Philip (Nick Robinson) and his mother Charlene (Amy Ryan) have a fractious relationship, and it's not because they don't love each other, they're simply sick of one another's company since they remind themselves of what is missing from their lives. Yes, Philip's father Richard (Greg Kinnear) moved out of the family home some time ago and remarried, but that's not the reason, it's down to the death of the elder son Ronnie five years ago, a tragedy none of them have ever gotten over. However, if that was not enough for them to suffer under, there's something else: Ronnie's girlfriend from their schooldays shows up on the doorstep one day, pregnant and claiming the baby is his...
Well, there's a conundrum and no mistake, how could the foetus still be gestating half a decade later, after the father has joined the choir invisible? You do get the answer to that in due course, but if it sounds like the hook in the blurb of your average paperback potboiler, you would not be far off as this was based on the popular novel of the same name by John Searles, the type of beach read that Gone Girl or The Girl on the Train could justifiably claim to be, even down to the revelatory twist. The format was doing very well on the page, but on film it can be too schematic to succeed, not that this prevents producers adapting them in the hope of ringing the world's box office tills.
Strange But True, which was certainly strange but was not very true, did not quite attain that cultural talking point status, it did well as a book but as a film it was not as widely released as you might have expected, going straight to streaming in most places outside of the United States. On surveying the cast list, you could express surprise, there were some big names here and some rising stars too: Margaret Qualley, who played the pregnant Melissa, was having a very good 2019, having appeared in Once Upon a Time… in Hollywood and hit television series Fosse/Verdon and proving herself highly adept at stealing scenes from more experienced co-stars in both those titles.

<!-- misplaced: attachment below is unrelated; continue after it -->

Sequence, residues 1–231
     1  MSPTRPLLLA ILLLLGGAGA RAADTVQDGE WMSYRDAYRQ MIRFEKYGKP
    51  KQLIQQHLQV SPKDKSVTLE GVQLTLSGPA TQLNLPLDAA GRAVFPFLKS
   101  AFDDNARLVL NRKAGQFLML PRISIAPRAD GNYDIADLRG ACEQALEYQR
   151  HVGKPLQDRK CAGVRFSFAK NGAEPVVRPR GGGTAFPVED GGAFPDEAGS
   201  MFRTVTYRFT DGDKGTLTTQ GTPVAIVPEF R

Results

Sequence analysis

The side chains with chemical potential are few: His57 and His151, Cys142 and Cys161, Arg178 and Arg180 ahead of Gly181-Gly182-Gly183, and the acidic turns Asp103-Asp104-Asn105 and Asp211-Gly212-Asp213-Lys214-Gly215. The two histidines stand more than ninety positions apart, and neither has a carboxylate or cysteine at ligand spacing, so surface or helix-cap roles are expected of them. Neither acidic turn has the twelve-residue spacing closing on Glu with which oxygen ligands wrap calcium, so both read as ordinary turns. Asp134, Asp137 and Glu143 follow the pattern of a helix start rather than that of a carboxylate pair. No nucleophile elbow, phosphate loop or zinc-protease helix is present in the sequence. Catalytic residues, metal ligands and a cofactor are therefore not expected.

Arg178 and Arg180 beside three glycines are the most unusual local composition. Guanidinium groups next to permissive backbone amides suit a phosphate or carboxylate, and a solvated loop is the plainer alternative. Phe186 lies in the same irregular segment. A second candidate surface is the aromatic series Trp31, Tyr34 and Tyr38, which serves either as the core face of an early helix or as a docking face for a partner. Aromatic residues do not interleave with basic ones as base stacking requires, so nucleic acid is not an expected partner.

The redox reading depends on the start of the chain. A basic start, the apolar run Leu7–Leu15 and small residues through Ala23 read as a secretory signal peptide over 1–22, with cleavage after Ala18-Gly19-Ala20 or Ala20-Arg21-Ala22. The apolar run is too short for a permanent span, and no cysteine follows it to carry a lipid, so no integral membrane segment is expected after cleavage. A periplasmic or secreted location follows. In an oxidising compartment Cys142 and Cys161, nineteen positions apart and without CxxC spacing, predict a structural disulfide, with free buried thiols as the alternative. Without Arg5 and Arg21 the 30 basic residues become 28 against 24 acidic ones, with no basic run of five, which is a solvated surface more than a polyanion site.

Here she was good at essaying a hard to read role, Melissa seems sincere enough, but then there's her story which is a medical impossibility - unless she has had outside help. Philip and Charlene, barely talking to each other anyway and this does not sweeten their bond, take it upon themselves to investigate separately, the son doing so while on crutches thanks to a recent accident which, come the ending foreshadowed in the first couple of minutes, appears to be established to put him at a disadvantage when he is being chased through the forest. Back at the beginning, Charlene goes back to her old place of work at the library to look up news stories on artificial insemination, for that would be a more obvious explanation for Melissa's state than some supernatural one; could she have frozen Ronnie's sperm without permission?
The actual reason is a lot more sinister, though a visit to a professional psychic halfway through would seem to be pushing this to horror territory, at least until the medium asks for a credit card at the end of the session, which places the uncertainty director Rowan Athale was capitalising upon front and centre once again. But as this wore on, you began to understand why it did not enjoy a wider release, it would have made a perfectly decent supporting feature decades ago, but standing on its own two feet saw it looking pretty small time rather than the blockbuster the cast perhaps were hoping for when they signed on. Despite that, and despite its muted tone for the first hour, once the threads were pulled together it perked up considerably and paid off its obfuscation with a very horrible explanation for what was going on, leading to an ending that may have been supposedly happy considering what had gone before, but was in effect twisted as you like. Unless you believe babies make everything better. Music by Neil Athale.